Tuesday, 1 April 2014

TickTock Decimal Clocks Start Today in South Bedfordshire

From today residents in Dunstable and Houghton Regis will be going to decimal time. There will be 100 new seconds in a new minute, 100 new minutes in a new hour, and  just 10 new hours in a new day.

Local supermarkets Morrison, Tesco, Co-op and Nisa have all agreed to help people get used to the new time system, and assistants will be on big hand and little hand to help people make the change.
Scheme organiser, D'Aftasa Broosh explained, "The changes will be welcomed by people living near church clocks, and by spouses suffering their other half's cuckoo clocks, as they won't be chiming or cuckooing 24 times a day on the hour, instead that number will be reduced to 10."

Professor Abinga Al Larf said, "It's a problem when people want to add times up. If a tv programme started at 7.10pm and finished at 9.pm it's currently very difficult to work out how many minutes that is. In digital time it will be much easier. You'll just have to do a simple take way sum. 900 - 710 = 190 new minutes."

"The digital time converter app will be available on download from iTimes until 12noon. When the timely application has been downloaded, and a watch or clock has been passed over the applications software, the time changes will be made. TDC might output the time of arrival for each incoming pulse. Some applications wish to measure the time interval between two events rather than some notion of an absolute time. If time is measured by whole counts, then the resolution is limited to the clock period. For example, a 10 MHz clock has a resolution of 100 ns.  

The dual-slope conversion can take a long time: a thousand or so clock ticks in the scheme described above. That limits how often a measurement can be made (dead time). Resolution of 1 ps with a 100 MHz (10 ns) clock requires a stretch ratio of 10,000 and implies a conversion time of 150 μs.[10] To decrease the conversion time, the interpolator circuit can be used twice in a residual interpolator technique.[10] The fast ramp is used initially as above to determine the time. The slow ramp is only at 1/100. The slow ramp will cross zero at some time during the clock period. When the ramp crosses zero, the fast ramp is turned on again to measure the crossing time (tresidual). Consequently, the time can be determined to 1 part in 10,000. "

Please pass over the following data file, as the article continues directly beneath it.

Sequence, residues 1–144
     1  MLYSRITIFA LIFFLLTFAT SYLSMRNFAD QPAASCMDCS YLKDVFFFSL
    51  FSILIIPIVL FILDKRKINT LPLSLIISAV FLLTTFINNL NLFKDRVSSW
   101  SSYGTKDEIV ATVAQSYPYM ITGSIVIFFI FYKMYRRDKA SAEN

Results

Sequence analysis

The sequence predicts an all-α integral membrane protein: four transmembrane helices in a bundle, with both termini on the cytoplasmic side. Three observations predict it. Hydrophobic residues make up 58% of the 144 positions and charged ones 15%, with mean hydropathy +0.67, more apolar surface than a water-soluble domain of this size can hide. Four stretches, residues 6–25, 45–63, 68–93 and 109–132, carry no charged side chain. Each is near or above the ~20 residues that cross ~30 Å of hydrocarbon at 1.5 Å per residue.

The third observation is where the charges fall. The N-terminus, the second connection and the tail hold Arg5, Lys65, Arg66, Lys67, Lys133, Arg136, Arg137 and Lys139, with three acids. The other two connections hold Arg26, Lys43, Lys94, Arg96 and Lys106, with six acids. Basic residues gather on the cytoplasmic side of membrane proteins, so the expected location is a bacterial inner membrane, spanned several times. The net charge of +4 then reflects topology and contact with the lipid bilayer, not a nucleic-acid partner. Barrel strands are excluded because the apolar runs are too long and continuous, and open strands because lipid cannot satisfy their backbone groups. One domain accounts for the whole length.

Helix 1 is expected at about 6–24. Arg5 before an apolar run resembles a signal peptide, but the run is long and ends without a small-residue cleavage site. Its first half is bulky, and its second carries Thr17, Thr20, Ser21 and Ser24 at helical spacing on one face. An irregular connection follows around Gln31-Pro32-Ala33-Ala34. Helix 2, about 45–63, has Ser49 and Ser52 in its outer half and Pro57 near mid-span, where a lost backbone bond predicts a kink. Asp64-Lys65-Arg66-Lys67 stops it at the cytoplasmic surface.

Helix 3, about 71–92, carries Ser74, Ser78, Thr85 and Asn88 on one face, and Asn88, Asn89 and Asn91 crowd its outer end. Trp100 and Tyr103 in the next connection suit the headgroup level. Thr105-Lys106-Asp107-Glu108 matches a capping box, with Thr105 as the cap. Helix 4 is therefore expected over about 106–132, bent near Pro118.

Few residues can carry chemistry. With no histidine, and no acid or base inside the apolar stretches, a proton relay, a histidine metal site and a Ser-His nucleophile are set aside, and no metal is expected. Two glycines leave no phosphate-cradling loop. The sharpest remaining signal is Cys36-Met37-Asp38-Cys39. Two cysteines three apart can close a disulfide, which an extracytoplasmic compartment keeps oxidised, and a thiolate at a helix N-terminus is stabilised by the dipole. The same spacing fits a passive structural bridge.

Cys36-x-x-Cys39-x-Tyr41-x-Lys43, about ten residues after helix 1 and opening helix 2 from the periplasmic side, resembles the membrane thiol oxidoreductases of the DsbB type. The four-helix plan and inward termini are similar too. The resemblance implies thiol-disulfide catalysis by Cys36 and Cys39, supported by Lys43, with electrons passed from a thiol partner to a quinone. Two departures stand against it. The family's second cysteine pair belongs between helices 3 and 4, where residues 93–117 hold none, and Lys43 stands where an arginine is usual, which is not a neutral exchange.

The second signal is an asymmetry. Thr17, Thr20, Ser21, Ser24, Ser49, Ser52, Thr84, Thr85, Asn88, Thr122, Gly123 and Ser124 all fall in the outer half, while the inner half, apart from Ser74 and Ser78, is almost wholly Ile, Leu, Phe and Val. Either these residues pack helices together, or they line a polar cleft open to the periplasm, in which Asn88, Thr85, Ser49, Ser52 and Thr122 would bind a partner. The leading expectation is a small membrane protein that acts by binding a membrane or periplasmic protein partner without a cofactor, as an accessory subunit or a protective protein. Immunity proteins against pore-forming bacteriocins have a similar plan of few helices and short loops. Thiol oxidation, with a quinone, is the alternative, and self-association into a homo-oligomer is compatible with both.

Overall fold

The professor's wife, Effina, said, "We've made it very easy to understand."

"Typically people sleep for 8 hours so we don't need those hours. Those hours will be held in a new timebank.  In digital electronics, hold time is the minimum amount of time that a data signal should be held steady after a clock event so that the data are reliably sampled in synchronous circuits such as flip-flops. School and work  will start in the first new hour, a new hour later it will be time for lunch, then there will be another new hour's work or school in the afternoon. "

If successful, the new time system will be rolled out across the country. The South Bedfordshire area has been selected by the World Time Federation Authority Peoples Representatives In Longevity (WTF-APRIL)  but don't be fooled into thinking you have to go along with it.

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